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What % hydro-acid did you use? I I picked up some 23% stuff from home hardware - commercial grade. Did the trick.



the same acid in our stomachs.....must be safe to drink....or use as a medicinal aid.......but that’s another topic
 

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Discussion Starter #3
What % hypo-acid did you use? I I picked up some 23% stuff from home hardware - commercial grade. Did the trick.
Mine is 10% hydrochloric acid so yours is much stronger!

Do you think this acid can etch away and damage the glaze surface though? That's one concern I have with the acid. The toilet bowl is a ceramic that is coated with a glaze, and that glaze is essential for keeping it easy to clean.
 

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Mine is 10% hydrochloric acid so yours is much stronger!

Do you think this acid can etch away and damage the glaze surface though? That's one concern I have with the acid. The toilet bowl is ceramic that is coated with a glaze, and that glaze is essential for keeping it easy to clean.

(Reminder/warning to everyone: don't ever mix these chemicals. If you're going to try a different cleaner, you must flush several times in between.)
id think infrequent use would be okay.
 

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I use CLR for scale deposits on toilets. Works very well. Not sure what the black stains are that you refer to. Are they near the top of the bowl or at/below the water line?
 

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Discussion Starter #8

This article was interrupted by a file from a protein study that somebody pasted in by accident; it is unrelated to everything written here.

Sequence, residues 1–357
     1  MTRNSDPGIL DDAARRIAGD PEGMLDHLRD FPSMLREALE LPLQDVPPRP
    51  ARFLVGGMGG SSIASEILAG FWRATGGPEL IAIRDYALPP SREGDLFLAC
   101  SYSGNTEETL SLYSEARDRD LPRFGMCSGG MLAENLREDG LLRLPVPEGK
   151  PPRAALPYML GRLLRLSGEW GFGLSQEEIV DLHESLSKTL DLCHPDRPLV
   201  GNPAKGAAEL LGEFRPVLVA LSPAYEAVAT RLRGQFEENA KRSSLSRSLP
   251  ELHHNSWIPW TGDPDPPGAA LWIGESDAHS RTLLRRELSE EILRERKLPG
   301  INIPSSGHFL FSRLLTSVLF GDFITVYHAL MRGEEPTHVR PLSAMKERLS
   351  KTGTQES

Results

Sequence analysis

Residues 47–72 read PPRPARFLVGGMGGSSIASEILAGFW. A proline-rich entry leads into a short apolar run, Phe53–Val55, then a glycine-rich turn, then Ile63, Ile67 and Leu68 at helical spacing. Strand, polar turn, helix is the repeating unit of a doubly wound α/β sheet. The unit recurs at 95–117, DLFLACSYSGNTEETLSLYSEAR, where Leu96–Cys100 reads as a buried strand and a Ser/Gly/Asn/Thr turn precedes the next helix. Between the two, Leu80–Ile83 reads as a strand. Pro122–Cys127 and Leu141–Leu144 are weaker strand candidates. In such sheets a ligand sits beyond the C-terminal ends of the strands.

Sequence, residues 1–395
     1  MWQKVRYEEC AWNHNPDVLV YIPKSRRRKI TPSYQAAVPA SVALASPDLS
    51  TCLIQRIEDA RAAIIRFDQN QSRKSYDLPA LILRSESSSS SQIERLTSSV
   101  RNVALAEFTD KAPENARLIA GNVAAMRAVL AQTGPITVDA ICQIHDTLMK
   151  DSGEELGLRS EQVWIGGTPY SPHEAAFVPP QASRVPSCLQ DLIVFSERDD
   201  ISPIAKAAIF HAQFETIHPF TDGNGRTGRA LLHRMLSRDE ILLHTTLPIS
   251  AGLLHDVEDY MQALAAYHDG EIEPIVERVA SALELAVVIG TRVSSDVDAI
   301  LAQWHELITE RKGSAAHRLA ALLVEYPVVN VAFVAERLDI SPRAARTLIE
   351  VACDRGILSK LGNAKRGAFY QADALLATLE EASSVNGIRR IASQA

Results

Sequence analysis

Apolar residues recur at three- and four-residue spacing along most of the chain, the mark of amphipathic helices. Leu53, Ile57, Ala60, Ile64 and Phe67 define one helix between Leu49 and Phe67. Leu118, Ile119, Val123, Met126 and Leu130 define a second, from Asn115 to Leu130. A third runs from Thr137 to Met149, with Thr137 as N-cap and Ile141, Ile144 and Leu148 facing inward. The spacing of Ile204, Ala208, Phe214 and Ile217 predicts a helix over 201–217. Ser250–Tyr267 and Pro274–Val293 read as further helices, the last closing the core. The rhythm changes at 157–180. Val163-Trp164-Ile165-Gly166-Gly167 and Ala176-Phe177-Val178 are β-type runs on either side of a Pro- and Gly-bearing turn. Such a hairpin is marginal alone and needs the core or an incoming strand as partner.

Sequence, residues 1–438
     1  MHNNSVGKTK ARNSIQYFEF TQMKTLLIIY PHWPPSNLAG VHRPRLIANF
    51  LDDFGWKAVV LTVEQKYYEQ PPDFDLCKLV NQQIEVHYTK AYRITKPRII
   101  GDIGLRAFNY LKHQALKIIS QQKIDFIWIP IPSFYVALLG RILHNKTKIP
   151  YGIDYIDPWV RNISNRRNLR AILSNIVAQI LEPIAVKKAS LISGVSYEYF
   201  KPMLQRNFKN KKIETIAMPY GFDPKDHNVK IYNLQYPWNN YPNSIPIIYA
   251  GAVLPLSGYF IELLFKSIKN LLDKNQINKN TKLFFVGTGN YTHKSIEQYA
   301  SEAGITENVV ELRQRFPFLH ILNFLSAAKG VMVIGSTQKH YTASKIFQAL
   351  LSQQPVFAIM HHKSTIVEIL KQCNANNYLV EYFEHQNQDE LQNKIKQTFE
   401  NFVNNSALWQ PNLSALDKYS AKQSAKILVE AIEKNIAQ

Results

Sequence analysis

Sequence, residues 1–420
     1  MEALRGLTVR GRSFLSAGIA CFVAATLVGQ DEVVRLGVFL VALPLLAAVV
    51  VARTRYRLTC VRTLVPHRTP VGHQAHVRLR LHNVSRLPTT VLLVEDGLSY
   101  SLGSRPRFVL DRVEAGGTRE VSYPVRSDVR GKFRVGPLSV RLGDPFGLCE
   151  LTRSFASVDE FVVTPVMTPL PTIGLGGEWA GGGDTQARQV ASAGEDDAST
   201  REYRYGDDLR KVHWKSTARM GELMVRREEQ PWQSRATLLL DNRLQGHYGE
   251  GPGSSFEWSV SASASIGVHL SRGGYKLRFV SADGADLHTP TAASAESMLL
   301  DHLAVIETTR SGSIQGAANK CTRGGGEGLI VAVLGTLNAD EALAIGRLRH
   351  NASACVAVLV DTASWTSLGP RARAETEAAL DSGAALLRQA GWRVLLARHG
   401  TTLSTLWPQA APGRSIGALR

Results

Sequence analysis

Thanks for notes above on Polident & CLR

The stains are not a ring, not at the water line and not running down the sides. They are marks below the water line, but not right at the bottom. It does not look typical and I can't find any examples through google image searches.

I want to try some bleach on it but am hesitant about wasting that stuff due to COVID-19 uses.
 

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Never had anything that wouldn't come off with a toilet brush and a little vinegar. Used to clean with bleach but that didn't do much for water stains. So now I only use that once in a while. All the toilets in the house are only 10-15 years old though. And I've never used any abrasives on them.
 

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Discussion Starter #10
Never had anything that wouldn't come off with a toilet brush and a little vinegar. Used to clean with bleach but that didn't do much for water stains. So now I only use that once in a while. All the toilets in the house are only 10-15 years old though. And I've never used any abrasives on them.
Thanks, I'll try vinegar next time. That seems like a good cleaning idea and much less toxic than other options.

The acidic toilet bowl cleaner, and then later (after much flushing) a small bit of bleach, seems to have done the trick and the stains are gone.
 

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Thanks, I'll try vinegar next time. That seems like a good cleaning idea and much less toxic than other options.

The acidic toilet bowl cleaner, and then later (after much flushing) a small bit of bleach, seems to have done the trick and the stains are gone.
vinegar also comes in different strengths...I think pickling vinegar is the strongest.
 

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Discussion Starter #12
I tried some laundry detergent in the toilet and was pleasantly surprised! I brushed, foamed it up, then let it sit for a while. It seems pretty effective!

And I like that it's a safe substance... smells nice too. Next, I'll try vinegar as suggested above.